“For all of his life, he was a person apart. His Saviour was all important to him.” So runs the descriptive phrase of a son about his father. The son is Frank Boreham, Jr. and his father is the man I wish for you to meet. Frank William Boreham was a prolific author, penning more than 45 books, the composer of numerous booklets and approximately 2000 newspaper articles.
He served as pastor to three Baptist congregations in Mosgiel, New Zealand, Hobart, Tasmania and Armadale, Australia. His name is still spoken of with reverence in these locales today. As a minister, there is much to learn from him.
As a writer, he leaves few equals in his wake. He was a consummate story-teller and every preacher can garner useful illustrations and acquire the knowledge on how to tell a good story simply be sitting at his feet and observing. He is a favorite of Ruth Bell Graham, Warren Wiersbe, Ravi Zacharias, and countless others.
F. W. Boreham was born in Tunbridge Wells, Kent, England on March 3, 1871. He says of that day, “Salvoes of artillery and peals of bells echoed across Europe on the morning of my birth.” He was speaking, of course, not about his advent, but about the culmination of the Franco-Prussian War “that self-same day.” It was the days of Victorian England and a wonderful setting in which a boy could grow up. “Wroxton Lodge,” as his childhood home was called, held within its walls Frank and his nine brothers and sisters.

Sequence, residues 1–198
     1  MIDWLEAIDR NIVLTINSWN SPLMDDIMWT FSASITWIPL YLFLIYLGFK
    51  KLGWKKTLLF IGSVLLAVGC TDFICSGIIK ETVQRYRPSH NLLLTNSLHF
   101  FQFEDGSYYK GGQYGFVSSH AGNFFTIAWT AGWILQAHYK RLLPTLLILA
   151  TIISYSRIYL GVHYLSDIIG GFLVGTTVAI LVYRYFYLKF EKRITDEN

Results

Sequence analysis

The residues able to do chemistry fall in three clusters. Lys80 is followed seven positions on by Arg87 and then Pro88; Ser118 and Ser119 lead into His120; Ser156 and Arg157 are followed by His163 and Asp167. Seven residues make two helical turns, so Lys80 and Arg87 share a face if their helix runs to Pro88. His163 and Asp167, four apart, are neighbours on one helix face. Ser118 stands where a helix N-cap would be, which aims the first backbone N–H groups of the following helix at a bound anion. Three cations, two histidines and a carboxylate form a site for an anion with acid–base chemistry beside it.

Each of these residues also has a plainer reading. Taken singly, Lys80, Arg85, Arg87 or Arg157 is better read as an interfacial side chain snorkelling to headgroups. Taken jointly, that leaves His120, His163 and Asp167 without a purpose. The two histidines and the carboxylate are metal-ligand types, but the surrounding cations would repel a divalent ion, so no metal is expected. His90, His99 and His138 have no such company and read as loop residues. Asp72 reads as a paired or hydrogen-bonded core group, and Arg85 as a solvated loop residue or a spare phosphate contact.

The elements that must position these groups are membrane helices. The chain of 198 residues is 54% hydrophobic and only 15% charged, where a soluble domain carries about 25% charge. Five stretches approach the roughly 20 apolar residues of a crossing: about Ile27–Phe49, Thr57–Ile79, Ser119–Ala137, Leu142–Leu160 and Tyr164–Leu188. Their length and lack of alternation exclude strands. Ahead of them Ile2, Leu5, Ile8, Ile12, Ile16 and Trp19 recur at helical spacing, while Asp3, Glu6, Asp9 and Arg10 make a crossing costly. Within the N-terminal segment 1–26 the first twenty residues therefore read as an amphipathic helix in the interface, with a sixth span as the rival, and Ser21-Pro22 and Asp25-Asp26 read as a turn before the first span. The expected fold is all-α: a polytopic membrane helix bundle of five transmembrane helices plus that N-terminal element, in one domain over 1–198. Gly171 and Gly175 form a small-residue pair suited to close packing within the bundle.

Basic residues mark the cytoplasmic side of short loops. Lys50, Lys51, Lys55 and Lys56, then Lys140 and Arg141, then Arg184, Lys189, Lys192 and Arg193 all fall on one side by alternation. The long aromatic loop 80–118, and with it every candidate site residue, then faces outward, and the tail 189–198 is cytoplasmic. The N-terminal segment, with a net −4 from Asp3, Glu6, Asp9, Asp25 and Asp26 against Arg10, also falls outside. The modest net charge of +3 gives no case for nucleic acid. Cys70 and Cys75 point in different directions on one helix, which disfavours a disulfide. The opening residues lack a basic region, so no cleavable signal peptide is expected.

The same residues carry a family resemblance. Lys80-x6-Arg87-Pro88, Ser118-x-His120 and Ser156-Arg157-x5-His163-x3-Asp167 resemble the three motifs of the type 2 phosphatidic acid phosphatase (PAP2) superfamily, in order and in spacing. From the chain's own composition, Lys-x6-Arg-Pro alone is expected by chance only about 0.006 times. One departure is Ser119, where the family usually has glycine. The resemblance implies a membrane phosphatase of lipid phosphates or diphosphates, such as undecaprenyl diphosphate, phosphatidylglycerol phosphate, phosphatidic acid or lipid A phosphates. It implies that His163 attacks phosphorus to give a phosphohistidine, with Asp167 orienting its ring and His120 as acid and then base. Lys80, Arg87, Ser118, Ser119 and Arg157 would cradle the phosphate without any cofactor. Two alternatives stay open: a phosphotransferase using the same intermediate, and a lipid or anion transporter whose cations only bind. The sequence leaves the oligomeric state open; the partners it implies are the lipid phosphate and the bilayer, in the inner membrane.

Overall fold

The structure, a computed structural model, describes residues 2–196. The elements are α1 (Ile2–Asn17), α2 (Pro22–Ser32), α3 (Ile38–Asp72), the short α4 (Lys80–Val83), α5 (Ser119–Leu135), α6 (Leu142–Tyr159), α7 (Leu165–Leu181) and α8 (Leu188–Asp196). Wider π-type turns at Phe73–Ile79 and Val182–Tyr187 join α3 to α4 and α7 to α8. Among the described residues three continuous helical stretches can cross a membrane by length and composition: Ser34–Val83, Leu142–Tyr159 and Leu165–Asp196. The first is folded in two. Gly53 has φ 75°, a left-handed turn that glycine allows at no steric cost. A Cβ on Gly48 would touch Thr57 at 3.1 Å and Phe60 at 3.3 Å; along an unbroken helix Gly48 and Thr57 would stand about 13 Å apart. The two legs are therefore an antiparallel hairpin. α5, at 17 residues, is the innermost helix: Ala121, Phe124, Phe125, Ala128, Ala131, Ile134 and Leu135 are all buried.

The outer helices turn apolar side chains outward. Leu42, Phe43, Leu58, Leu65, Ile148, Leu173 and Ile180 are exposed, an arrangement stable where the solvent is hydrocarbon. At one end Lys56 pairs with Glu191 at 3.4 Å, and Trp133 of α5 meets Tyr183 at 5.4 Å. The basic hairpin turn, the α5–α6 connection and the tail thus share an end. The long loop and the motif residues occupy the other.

He often recalled one of his favorite childhood memories: those Sun day nights when his mother would gather her brood around the fireplace and read a chapter or two from a classical book and then tell a personal story. Their perennial favorite was of their mother when she was a young girl visiting Canterbury Cathedral. She was to tour the grand old cathedral with her cousin, but her cousin failed to show.
His mother was turning away, “disgusted and dejected,” when a kindly gentleman, “with a short, pointed beard, brown hair going gray, a very fine forehead and wonderfully lustrous eyes,” approached and offered personally to guide her through the Cathedral. She received a delightful tour and was later embarrassed to find out, upon receiving her escort’s card as they departed, that her tour guide had been none other than Charles Dickens! Years later, Boreham related that perhaps the greatest developments in his heart and mind took place at that fireside, “… and, of all the stories that I have ever heard or read, none ever moved me like those stories that, in the flickering firelight, mother told!”